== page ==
Why Is Genarlow Wilson In Prison? (2006) by Chandra Thomas Whitfield for Atlanta Magazine
This is a story of race, of conscience, of community, of unlimited resources and of a mother’s love. It lays out events and the law clearly without being sensational. 

“You Have Thousands of Angels Around You” (2007) by Paige Williams for Atlanta Magazine
This article shares the tale of an orphaned teenage refugee from Burundi and the Atlanta family and community who gave her a second chance in life. 

Cheating our Children: Surge in CRCT Results Raises ‘Big Red Flag’ (2008) by John Perry and Heather Vogell for The Atlanta Journal-Constitution
The Atlanta Journal-Constitution reignited the national debate over standardized test scores as the primary measure of improving public schools when its reporting led to an investigation which found that 44 out of 56 Atlanta schools cheated on the 2009 CRCT. 

The Fall of House Speaker Glenn Richardson (2009) by Dale Russell for Fox5 Atlanta
It was the story that led to the resignation of Georgia’s second most powerful public official, a total shake-up in Georgia’s legislative leadership, and the promise of strong ethics reform throughout the state.
 
2010 – Present
Around the Clock at Waffle House (2010) by Besha Rodell for Creative Loafing
This is a feature on one of Atlanta’s favorite establishments. The article paints a vibrant picture of a day inside the Waffle House on Cheshire Bridge Road.

The Other 284 Days
 by Rebecca Burns (2013) for Atlanta Magazine

This story paints a gritty, yet empathetic, picture of the stark contrast between Turner Field, Home of the Atlanta Braves, and the impoverished and neglected neighborhood that surrounds it.

Thursday, September 11, 2014

GA Secretary of State releases iPhone App for Voter Registration.


The official voter registration app brought to you by the Georgia Office of the Secretary of State. GA Votes allows Georgia citizens to register to vote online (OLVR ) and access their voter information through a mobile friendly version of the classic My Voter Page (MVP).

GA Votes by PCC Technology Group, LLC



Features:
Online voter registration and address or name updates (requires valid GA Driver’s License or ID).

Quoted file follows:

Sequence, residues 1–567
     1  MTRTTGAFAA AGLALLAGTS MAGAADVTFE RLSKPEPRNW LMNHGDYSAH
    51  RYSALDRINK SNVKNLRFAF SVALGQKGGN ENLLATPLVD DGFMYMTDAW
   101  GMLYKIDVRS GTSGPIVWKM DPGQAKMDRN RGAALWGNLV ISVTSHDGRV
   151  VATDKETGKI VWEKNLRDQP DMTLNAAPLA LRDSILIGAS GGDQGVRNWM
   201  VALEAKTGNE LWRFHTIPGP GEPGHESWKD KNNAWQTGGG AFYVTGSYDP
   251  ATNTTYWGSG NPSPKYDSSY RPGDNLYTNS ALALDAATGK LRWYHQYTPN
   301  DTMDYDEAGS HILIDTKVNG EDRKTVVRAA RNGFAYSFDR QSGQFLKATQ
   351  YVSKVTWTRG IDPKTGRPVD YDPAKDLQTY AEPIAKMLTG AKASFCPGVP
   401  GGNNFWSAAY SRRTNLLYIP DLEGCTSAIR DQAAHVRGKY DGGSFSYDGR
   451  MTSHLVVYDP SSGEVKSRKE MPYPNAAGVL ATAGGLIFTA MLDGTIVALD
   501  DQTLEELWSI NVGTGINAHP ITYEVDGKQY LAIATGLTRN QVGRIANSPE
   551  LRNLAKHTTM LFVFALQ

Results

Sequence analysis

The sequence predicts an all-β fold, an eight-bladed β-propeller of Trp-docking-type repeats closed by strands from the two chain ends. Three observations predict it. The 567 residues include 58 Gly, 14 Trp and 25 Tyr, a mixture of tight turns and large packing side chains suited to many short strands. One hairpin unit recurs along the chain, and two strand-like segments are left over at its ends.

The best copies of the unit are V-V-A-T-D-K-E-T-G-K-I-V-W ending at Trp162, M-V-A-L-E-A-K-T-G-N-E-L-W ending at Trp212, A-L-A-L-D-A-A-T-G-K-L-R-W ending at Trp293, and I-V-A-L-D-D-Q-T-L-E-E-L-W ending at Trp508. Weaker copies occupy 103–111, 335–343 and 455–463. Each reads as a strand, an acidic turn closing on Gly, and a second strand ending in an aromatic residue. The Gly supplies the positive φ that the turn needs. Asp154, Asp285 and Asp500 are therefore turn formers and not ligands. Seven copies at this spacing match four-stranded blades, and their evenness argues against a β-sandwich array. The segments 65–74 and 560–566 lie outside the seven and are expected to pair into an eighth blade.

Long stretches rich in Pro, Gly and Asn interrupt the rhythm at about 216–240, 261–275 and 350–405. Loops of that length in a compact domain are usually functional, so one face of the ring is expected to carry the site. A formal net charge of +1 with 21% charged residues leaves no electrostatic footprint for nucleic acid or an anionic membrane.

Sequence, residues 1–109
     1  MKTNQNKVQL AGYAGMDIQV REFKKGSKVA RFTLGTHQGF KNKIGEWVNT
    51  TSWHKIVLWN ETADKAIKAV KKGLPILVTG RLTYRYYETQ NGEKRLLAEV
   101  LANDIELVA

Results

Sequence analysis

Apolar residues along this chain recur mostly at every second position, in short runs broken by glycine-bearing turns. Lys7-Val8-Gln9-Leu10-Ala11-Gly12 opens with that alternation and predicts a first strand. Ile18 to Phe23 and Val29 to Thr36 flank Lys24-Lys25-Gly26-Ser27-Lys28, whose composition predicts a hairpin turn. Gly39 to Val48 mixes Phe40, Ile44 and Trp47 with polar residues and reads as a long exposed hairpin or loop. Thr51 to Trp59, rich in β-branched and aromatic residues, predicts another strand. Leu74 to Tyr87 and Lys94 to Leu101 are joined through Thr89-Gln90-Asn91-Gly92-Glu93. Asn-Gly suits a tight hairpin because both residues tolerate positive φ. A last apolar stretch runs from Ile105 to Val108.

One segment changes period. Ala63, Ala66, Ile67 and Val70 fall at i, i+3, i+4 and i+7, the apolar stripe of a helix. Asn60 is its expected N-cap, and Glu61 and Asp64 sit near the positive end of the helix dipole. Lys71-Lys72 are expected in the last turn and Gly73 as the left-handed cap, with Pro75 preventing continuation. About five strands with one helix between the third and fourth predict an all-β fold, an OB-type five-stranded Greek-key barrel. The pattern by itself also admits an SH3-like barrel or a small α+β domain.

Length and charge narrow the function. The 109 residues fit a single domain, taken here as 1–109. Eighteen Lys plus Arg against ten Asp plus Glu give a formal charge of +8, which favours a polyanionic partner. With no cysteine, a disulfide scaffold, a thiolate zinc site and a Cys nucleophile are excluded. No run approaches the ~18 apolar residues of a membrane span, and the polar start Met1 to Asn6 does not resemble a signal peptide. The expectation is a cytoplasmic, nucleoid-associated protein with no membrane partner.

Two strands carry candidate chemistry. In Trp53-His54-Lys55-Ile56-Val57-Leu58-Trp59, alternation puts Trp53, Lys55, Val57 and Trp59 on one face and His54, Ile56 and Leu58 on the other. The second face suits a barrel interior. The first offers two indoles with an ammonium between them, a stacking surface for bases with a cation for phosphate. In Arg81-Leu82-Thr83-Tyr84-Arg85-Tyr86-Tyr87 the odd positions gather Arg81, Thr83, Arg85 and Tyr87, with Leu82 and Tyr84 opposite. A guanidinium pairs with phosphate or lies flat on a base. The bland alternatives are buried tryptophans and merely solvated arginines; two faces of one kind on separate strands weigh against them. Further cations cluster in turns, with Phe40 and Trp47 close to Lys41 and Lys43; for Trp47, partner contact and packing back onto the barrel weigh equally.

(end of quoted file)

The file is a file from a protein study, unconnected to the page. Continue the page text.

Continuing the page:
Electronically submits your voter registration to local county election officials.
Polling place directions via your favorite maps app.
E-mails a copy of your voter registration request.

If you do not have a valid GA Driver’s License or ID, visit www.sos.ga.gov/elections and click “Register to Vote” to access a fillable voter registration form that you can print and mail to your county elections office. It’s that easy!

Use MVP to view your voter information, elections information, sample ballots, polling place directions and early voting locations. Simply enter your first initial, last name, date of birth and county of registration.

Questions? Contact your county elections office or the Georgia Office of the Secretary of State Elections Division.

Dunwoody's MJCCA Announces Book Festival Line-Up for November.


23rd Edition of the Book Festival of the MJCCA Announces
Complete Author Line-Up
November 1 – 19, 2014

Presented by Greenberg Traurig and Wells Fargo Bank
View Complete Author Lineup Here
Tickets On Sale Now!

Photo Links to Featured Authors:


40+ Authors; Two Epic Weeks… Mark your calendars for one of our community’s most anticipated cultural events, the 23rd Edition of the Book Festival of the MJCCA, November 1 – 19, 2014. The Festival will feature works from this year’s most sought-after and talked-about authors, celebrities, and influencers. More than 10,000 visitors will enjoy engaging speaker programs, author meet-and-greets, book signings, panel discussions, The Family Reading Festival, the Esther G. Levine Community Read, The Eva and George Stern Lecture, and more. Most events will be held at the Marcus Jewish Community Center of Atlanta (MJCCA), 5342 Tilly Mill Road, Dunwoody. Purchase tickets: call 678.812.4005 or visit online at www.atlantajcc.org/bookfestival


Dunwoody Girls Volleyball car wash this Saturday at Burger King